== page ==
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RNA. 2010 Sep;16(9):1769-78. doi: 10.1261/rna.2112110. Epub 2010 Jul 22.

Turning limited experimental information into 3D models of RNA.

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Department of Bioengineering, Stanford University, Stanford, California 94305, USA.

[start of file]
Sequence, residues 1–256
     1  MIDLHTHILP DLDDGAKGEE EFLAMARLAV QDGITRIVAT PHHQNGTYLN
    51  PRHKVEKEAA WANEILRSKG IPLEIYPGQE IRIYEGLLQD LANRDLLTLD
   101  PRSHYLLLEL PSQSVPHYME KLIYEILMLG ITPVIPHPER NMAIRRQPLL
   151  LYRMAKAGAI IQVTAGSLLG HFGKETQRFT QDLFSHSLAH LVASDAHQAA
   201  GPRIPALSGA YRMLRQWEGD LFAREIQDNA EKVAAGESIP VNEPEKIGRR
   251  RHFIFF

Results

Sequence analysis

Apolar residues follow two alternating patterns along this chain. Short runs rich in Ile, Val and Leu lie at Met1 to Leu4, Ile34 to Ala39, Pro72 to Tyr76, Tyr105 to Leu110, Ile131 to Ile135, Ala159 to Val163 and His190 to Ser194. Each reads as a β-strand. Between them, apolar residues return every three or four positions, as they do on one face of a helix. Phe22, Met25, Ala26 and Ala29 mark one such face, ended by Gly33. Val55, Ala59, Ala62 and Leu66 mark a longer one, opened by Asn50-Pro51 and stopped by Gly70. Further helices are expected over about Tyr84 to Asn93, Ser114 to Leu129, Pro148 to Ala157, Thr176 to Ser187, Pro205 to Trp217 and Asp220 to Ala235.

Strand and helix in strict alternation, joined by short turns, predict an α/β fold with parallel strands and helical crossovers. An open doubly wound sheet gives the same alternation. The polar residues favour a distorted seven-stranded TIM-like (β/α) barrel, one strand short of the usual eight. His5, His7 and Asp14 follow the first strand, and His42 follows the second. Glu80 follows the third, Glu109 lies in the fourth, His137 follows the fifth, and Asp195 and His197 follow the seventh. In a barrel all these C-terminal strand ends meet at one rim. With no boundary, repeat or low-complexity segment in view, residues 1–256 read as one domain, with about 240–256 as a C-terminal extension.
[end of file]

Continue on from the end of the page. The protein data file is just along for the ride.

Our understanding of RNA functions in the cell is evolving rapidly. As for proteins, the detailed three-dimensional (3D) structure of RNA is often key to understanding its function. Although crystallography and nuclear magnetic resonance (NMR) can determine the atomic coordinates of some RNA structures, many 3D structures present technical challenges that make these methods difficult to apply. The great flexibility of RNA, its charged backbone, dearth of specific surface features, and propensity for kinetic traps all conspire with its long folding time, to challenge in silico methods for physics-based folding. On the other hand, base-pairing interactions (either in runs to form helices or isolated tertiary contacts) and motifs are often available from relatively low-cost experiments or informatics analyses. We present RNABuilder, a novel code that uses internal coordinate mechanics to satisfy user-specified base pairing and steric forces under chemical constraints. The code recapitulates the topology and characteristic L-shape of tRNA and obtains an accurate noncrystallographic structure of the Tetrahymena ribozyme P4/P6 domain. The algorithm scales nearly linearly with molecule size, opening the door to the modeling of significantly larger structures.

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